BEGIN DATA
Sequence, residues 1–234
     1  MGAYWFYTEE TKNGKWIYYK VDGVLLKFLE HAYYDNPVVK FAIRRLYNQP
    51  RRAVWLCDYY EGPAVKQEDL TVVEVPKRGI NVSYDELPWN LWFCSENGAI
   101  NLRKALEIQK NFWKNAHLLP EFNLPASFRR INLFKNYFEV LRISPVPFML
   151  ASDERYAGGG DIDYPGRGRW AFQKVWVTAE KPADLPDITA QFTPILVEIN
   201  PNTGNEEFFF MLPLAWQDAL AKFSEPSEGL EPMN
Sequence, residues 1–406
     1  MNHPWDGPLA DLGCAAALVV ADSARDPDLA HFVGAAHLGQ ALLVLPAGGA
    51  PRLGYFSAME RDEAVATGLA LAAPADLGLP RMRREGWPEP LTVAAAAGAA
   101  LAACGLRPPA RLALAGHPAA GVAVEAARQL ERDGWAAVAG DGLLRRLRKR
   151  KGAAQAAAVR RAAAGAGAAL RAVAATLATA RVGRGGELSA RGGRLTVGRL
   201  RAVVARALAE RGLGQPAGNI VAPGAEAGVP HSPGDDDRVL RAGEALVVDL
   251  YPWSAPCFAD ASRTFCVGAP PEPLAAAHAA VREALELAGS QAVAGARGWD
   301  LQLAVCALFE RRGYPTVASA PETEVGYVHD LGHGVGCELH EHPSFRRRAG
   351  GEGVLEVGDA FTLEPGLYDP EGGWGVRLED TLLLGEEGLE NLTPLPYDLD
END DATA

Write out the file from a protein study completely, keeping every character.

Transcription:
Sequence, residues 1–234
     1  MGAYWFYTEE TKNGKWIYYK VDGVLLKFLE HAYYDNPVVK FAIRRLYNQP
    51  RRAVWLCDYY EGPAVKQEDL TVVEVPKRGI NVSYDELPWN LWFCSENGAI
   101  NLRKALEIQK NFWKNAHLLP EFNLPASFRR INLFKNYFEV LRISPVPFML
   151  ASDERYAGGG DIDYPGRGRW AFQKVWVTAE KPADLPDITA QFTPILVEIN
   201  PNTGNEEFFF MLPLAWQDAL AKFSEPSEGL EPMN
Sequence, residues 1–406
     1  MNHPWDGPLA DLGCAAALVV ADSARDPDLA HFVGAAHLGQ ALLVLPAGGA
    51  PRLGYFSAME RDEAVATGLA LAAPADLGLP RMRREGWPEP LTVAAAAGAA
   101  LAACGLRPPA RLALAGHPAA GVAVEAARQL ERDGWAAVAG DGLLRRLRKR
   151  KGAAQAAAVR RAAAGAGAAL RAVAATLATA RVGRGGELSA RGGRLTVGRL
   201  RAVVARALAE RGLGQPAGNI VAPGAEAGVP HSPGDDDRVL RAGEALVVDL
   251  YPWSAPCFAD ASRTFCVGAP PEPLAAAHAA VREALELAGS QAVAGARGWD
   301  LQLAVCALFE RRGYPTVASA PETEVGYVHD LGHGVGCELH EHPSFRRRAG
   351  GEGVLEVGDA FTLEPGLYDP EGGWGVRLED TLLLGEEGLE NLTPLPYDLD